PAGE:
It’s often been said that we don’t have a constitution, or at least, we have an unwritten one. We can sit and argue the toss as to exactly which part of the package of laws, conventions and customs that form part of our ‘constitution’, may, or may not be part of it, but it’s clear that we have not got anything written down that can be guaranteed.
May Day nowadays is celebrated as part of International Workers’ Day, but it’s also represents a seminal date in English legal history if you go back a bit further. Back to 1649 to be precise. Whilst it’s true that we don’t have a written constitution, it’s not true to say that we have never had one. Our first one was (probably – it’s difficult to define) in 1653 with The Instrument of Government (although its’ legal status was a bit in doubt). It was, for its time, radical, and the ideas (and some of the language) rippled out and can be seen in later documents such as the US Constitution (an embryonic separation of powers for example).
But, the constitution we could have had before that was the three ‘Agreements of the People’ that was put forward by the Levellers during the English Civil War. The last, and most substantive, was put forward by someone who should be a hero of every lawyer – ‘Freeborn John’ Lilburne and three other Levellers on this day, 363 years ago.
It is a recognisable constitutional document; there is a preamble setting out its history, rationale and purpose. It proposes a legislative body with (near) universal (male) suffrage, the accountability of all people who hold public office, progressive taxation, the abolition of the death sentence for every crime other than murder, and an effective Bill of Rights – all profoundly radical in its day. Importantly, it contained the principle that is one of the most fundamental to any democracy – the rule of law; the idea that everyone, even Parliament itself, is subject to the law. Limits were placed on the ability of Parliament to pass laws that interfered with fundamental rights (something we haven’t quite got our head round to this day).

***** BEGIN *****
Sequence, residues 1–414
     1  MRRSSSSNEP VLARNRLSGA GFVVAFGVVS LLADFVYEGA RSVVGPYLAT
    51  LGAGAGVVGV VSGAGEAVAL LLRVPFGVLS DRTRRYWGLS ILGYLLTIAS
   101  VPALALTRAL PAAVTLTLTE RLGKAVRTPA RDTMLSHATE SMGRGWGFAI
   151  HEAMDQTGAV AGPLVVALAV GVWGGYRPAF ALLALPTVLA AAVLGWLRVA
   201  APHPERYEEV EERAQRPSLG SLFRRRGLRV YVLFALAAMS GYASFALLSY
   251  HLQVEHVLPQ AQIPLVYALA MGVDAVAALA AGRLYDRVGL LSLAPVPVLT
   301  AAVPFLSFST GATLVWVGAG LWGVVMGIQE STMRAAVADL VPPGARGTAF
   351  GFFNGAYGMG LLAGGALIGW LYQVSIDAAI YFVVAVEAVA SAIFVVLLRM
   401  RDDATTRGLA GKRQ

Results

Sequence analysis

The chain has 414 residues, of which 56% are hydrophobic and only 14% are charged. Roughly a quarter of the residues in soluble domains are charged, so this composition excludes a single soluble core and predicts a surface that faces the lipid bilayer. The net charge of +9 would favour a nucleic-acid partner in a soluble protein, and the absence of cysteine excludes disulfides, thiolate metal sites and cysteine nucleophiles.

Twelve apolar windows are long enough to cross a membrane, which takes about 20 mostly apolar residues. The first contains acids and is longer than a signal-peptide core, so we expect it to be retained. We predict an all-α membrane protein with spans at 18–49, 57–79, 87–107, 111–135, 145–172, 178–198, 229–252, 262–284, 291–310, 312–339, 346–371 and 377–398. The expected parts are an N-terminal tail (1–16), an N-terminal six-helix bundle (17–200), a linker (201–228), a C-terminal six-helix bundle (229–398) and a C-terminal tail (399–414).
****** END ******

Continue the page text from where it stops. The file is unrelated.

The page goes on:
Parts of it jar now obviously – for example, women were ignored. The idea of annual Parliaments with no member in one being able to sit in the next would probably not be practical today. A strict time limit on legal proceedings from the first court hearing to the Supreme Court of six months is tempting, but clearly unworkable. And the restrictions on freedom of religion didn’t extend to Catholics. But all these are all pretty understandable given the age.
But fundamentally, the document at its heart contained a profoundly radical statement – that all power resides in us, the people, who delegate it to Parliament with limits, not in Kings or Lords or elites. Truly a world turned upside down.
It also represents a long strand in English radical thought, that of individual liberty. This is one that can, and frequently did, go hand in hand with social justice and the principles of organised labour. It’s a lesson that the Labour party forgot during their recent period in office, but will hopefully be re-learned some day. Happy May Day!
PS. ‘Freeborn John’ is now nearly forgotten in his home country, which is a tragedy. His memory is kept alive over the pond where he is frequently cited in the Supreme Court, particularly in relation to the right to silence, a right that he was instrumental in establishing. In a parallel universe where the Agreement of the People had been adopted, it may not be too far-fetched to say that today would be our 4th July, or at least our 17th September.